In the six weeks he has managed the Red Sox in place of John Farrell, Torey Lovullo has demonstrated a willingness to push his starting pitcher deep into games.
The Red Sox have only a few reliable options in the bullpen; that's part of the reason. But facing a lineup for a third or fourth time also tests a starter and aids the team's ability to evaluate its roster in preparation for next season.
So it was with little hesitation Lovullo sent rookie righthander Henry Owens back out for the eighth inning against the Tampa Bay Rays on Tuesday night with the Sox trailing by a run.
Owens had thrown only 76 pitches to that point and allowed two earned runs.
"I don't think I could have slept tonight if we took him out of the game," Lovullo said. "That wasn't in my gut. That wasn't in the cards for me. I wanted to send him back out there with a chance to come back in the dugout where we could score some runs and get him the win."
Instead, Owens gave up a two-run home run to Mikie Mahtook and the Red Sox lost, 5-2, before a crowd of 33,673 at Fenway Park.
It was a night of extremes and some lessons learned for Owens. He was perfect for four innings then allowed five runs on seven hits over his final 3⅓ innings.
"I felt like we still had them off balance. Made some pitches to get out of some situations. But with two strikes I was a little overzealous at times and left a couple of pitches up in the zone," Owens said.
Owens got ahead of Brandon Guyer to start the eighth inning before giving up a double to left field. Mahtook then ripped a 2-and-2 changeup over everything in left field.
The Sox had their three-game win streak snapped. They scored twice in the first inning then advanced only two runners to second base the rest of the game.
"The game kind of reversed," Lovullo said. "I just wish it ended the way it started."
Through nine starts, Owens shows plenty of promise. The Rays swung and missed at 21 of his pitches on Tuesday, a high amount for any pitcher but especially for a 23-year-old without a high-end fastball.
Owens doesn't often surpass 91 miles per hour, but his fastball is difficult to pick up as it leaves his hand and he has an above-average changeup. He also mixes in a curveball.
"He's hasn't done what he's done because he's lucky. He's making pitches," Lovullo said. "He's doing a great job of changing locations, changing speeds, working his fastball to both sides of the plate. He's finding a way to get himself out of trouble. It's a great characteristic and something you don't see very often from a young pitcher."
Owens (3-3) has a 6.35 earned run average in five starts at Fenway Park. It's 1.99 in four starts on the road.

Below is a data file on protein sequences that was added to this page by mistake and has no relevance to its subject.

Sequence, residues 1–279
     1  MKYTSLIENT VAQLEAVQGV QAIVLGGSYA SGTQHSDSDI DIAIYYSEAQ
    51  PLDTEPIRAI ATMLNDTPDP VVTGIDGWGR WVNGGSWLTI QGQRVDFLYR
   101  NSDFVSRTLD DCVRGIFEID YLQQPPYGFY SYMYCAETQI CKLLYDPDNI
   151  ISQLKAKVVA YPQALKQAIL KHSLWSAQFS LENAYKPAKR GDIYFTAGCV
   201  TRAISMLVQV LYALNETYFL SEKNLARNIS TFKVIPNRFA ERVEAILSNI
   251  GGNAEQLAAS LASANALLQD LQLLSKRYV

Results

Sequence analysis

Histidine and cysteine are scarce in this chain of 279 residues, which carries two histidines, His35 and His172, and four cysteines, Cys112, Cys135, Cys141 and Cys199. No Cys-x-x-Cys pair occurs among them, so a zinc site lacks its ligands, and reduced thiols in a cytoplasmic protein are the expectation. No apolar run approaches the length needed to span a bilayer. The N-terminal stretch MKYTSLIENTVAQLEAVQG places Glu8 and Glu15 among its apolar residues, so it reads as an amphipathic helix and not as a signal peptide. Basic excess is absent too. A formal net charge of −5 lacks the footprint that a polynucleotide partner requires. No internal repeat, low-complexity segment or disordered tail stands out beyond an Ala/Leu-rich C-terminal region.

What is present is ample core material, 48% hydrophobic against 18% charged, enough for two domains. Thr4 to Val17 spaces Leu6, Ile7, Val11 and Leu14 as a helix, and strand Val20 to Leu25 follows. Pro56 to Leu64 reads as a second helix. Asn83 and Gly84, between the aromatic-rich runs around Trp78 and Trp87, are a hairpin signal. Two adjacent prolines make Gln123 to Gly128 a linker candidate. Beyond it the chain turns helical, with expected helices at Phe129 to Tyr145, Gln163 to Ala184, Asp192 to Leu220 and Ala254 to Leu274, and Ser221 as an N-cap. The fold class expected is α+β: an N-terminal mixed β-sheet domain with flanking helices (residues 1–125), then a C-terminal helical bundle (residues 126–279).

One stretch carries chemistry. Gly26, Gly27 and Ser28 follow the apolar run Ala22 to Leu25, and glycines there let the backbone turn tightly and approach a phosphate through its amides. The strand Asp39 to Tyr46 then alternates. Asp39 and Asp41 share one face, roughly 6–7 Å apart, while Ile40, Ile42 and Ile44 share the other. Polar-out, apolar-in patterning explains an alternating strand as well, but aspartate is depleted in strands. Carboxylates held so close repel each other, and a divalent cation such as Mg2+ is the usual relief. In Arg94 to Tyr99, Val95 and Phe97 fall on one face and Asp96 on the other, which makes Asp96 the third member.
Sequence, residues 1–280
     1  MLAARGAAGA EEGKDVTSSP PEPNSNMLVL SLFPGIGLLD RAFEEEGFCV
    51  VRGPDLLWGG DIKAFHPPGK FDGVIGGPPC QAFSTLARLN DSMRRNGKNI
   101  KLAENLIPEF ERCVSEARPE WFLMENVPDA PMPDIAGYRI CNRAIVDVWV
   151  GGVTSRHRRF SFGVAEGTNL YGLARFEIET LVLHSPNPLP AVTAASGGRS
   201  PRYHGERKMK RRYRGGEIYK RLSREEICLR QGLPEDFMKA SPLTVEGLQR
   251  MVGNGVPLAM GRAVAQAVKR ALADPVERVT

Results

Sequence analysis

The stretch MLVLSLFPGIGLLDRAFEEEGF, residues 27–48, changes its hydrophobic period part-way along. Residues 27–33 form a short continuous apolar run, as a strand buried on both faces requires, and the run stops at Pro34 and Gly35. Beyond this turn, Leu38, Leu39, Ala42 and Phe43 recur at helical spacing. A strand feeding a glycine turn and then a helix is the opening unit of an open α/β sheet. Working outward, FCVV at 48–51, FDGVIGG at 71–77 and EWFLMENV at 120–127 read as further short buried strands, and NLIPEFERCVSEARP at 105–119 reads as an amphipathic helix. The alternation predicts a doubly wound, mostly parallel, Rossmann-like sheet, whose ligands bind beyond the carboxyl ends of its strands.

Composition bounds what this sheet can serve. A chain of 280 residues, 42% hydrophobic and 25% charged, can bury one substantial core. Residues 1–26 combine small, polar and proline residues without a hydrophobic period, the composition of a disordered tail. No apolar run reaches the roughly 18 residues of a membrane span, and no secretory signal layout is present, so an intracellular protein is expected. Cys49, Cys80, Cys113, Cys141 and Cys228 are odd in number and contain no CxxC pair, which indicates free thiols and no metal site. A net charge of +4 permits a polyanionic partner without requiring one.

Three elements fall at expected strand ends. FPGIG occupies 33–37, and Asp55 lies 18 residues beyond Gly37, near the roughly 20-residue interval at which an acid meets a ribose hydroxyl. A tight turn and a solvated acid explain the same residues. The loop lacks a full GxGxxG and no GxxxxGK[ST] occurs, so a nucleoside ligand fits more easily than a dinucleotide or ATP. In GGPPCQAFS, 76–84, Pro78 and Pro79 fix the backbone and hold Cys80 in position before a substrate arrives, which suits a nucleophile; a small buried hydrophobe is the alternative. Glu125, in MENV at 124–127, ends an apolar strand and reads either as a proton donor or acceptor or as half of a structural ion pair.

Owens needed only 38 pitches to get through the first four innings. The perfect game ended when Logan Forsythe led off the fifth inning with a double high off the wall in center field, belting a first-pitch fastball.
Down, 2-0, the Rays played small ball. Asdrubal Cabrera bunted Forsythe to third base and Steven Souza Jr. drove him in with a sacrifice fly to right field.
Owens walked Richie Shaffer leading off the sixth inning then hit Guyer with a pitch with one out. Mahtook singled to load the bases.
Evan Longoria sent a fly ball out to right field for a sacrifice fly. A second run scored when Mookie Betts's throw to the plate sailed and bounced into the stands for an error.
Owens loaded the bases with no outs in the seventh inning, but the Rays did not score. Shaffer grounded to first and Travis Shaw fired to the plate for an out. Luke Maile then bounced a ball back to the mound that Owens grabbed and threw to the plate to start a double play.
The Sox scored two quick runs off Tampa Bay starter Matt Moore.
Betts led off the first inning with a double to center field. Xander Bogaerts and David Ortiz drew walks to load the bases.
Shaw continued to impress with a two-run single to right-center. He was 3 for 3 with a walk and through 53 games is hitting .294 with 30 RBIs. Hitting behind Ortiz has been comfortable for him.
"I enjoy it. There are certain times I know he's getting pitched around to get to me. I take that as a challenge," Shaw said. "It motivates me to try and get the job done to come up in the clutch like he's done for so long."
Moore (2-4) allowed only five other hits without another walk before leaving the game with the lead in the seventh inning.
Bogaerts was 2 for 3 with a walk, raising his batting average to .325. But he was doubled off second base in the third inning, misreading a line drive to left. And he was thrown out in the eighth inning trying to stretch a single into a double.